Since the takeover, Broadcom has already implemented significant policy changes to VMware’s business model that threaten to disrupt how customers assess and adopt VMware products. For instance, it set a date (April 30th, 2024) for the effective termination of all existing partnerships with cloud service provider partners in the VMware Partner Connect Program. A move that would most likely alter how users utilize and deploy VMware services.
But perhaps what many VMware customers would be most concerned about is Broadcom’s changes to VMware’s pricing and licensing model. The company has announced that new clients looking to adopt VMware services would no longer be able to do so under a perpetual license; they would have to subscribe to the service on a contractual basis. Not only that, but Broadcom has also discontinued the sale of support and subscription services to perpetual license holders.
What this means is that even though permanent license holders may continue using the service per the terms in their original contract, once their support subscription ends, they no longer have access to support from VMware. These measures are put in place to incentivize users to adopt the new software as a service (SaaS) model, helping Broadcom achieve its stated goal of amassing $8.5 billion in EBITDA revenue within three years of the acquisition.
Enterprises already accustomed to the old VMware way of doing things may face a few strategic impediments when transitioning into the VMware-by-Broadcom era. Firstly, they would have to rethink how they spend finances on software licenses. Rather than considering licenses as a one-time capital expenditure, they would have to make budgetary adjustments to accommodate ongoing subscription fees.
Furthermore, support costs are bound to increase. Under the old VMware perpetual license model, enterprises with perpetual licenses had the flexibility to subscribe to VMware support services or choose third-party support that best address their requirements. This starkly contrasts with Broadcom’s new business model, where licenses are bundled with mandatory support contracts and sold as a subscription service. For businesses with permanent licenses, this means a significant increase in the cost of owning VMware software. They can no longer cut costs or scale by using a third-party service, they must now pay for Broadcom support services.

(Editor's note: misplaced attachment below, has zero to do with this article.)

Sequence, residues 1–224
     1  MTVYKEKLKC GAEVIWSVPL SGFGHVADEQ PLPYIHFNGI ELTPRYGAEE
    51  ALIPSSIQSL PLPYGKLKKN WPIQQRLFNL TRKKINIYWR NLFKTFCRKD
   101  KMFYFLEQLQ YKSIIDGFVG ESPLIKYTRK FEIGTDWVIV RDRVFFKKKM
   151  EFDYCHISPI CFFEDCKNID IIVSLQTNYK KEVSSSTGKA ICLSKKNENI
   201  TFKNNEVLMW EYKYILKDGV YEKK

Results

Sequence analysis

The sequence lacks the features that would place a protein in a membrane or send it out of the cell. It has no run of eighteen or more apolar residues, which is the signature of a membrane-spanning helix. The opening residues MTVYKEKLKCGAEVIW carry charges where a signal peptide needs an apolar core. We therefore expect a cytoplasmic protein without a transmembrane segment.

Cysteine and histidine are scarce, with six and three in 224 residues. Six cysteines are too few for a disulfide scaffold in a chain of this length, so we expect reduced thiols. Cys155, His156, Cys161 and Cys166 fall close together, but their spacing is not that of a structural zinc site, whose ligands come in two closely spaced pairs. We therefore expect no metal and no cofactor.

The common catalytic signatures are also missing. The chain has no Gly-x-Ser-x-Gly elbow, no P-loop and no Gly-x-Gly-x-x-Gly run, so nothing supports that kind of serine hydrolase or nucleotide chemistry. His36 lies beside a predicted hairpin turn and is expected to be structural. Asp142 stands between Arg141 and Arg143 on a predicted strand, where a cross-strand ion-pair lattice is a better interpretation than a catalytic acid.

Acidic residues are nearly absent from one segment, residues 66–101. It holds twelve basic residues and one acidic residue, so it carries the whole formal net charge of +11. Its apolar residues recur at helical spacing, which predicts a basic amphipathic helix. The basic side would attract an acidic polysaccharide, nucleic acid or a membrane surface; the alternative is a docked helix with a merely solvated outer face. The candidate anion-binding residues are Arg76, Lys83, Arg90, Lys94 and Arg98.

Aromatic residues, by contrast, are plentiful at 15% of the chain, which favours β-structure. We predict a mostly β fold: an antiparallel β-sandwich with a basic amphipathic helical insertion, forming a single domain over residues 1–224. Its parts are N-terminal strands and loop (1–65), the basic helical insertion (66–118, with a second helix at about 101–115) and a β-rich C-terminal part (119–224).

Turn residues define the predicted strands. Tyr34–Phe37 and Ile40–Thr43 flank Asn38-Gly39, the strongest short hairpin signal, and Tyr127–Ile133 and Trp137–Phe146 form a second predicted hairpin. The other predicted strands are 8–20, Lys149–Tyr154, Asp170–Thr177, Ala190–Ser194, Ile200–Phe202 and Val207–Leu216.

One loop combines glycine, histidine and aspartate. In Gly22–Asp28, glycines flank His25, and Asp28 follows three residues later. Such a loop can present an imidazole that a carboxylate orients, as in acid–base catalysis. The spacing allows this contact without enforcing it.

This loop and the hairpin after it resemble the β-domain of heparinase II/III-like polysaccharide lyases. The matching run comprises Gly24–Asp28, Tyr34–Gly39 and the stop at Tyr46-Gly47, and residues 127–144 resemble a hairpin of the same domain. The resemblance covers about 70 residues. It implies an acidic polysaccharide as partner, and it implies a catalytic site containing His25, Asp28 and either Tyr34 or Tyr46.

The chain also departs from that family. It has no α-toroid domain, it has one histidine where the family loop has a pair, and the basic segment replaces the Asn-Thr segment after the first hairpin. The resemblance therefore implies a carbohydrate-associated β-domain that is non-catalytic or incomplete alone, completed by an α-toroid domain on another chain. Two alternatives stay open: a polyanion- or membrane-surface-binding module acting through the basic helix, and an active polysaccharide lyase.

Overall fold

The Case For AWS
Amazon Web Services (AWS) is a subsidiary of Amazon with a focus on providing cloud computing services to individuals, corporations, and government on a pay-as-you-go basis. These services entail networking, storage, computing, machine learning, and IoT (Internet of Things) solutions that it provides via its server farms and data centers.
In 2023, Amazon Inc., the parent company of AWS, generated $574.8 billion in revenue. Of this sum, AWS accounted for 15.8%, totaling over $90 billion. This makes AWS the biggest cloud service provider in the world.
But beyond cloud services, AWS also offers a range of virtualization options for enterprises with its AWS Nitro System hypervisor. This presents an opportunity for VMware users looking to switch virtualization platforms in the wake of the Broadcom takeover – they can make the most of AWS’s stand-out qualities over VMware, which include:
- Pay As You Go Pricing: Amazon Web Services operates on a pay-as-you-use pricing model that allows enterprises pay for only the cloud resources they use while they use it. No long-term contracts. No licensing agreements. This is in contrast to the VMware subscription-based model initiated by Broadcom, which demands significant financial commitments from businesses regardless of their specific resource requirements.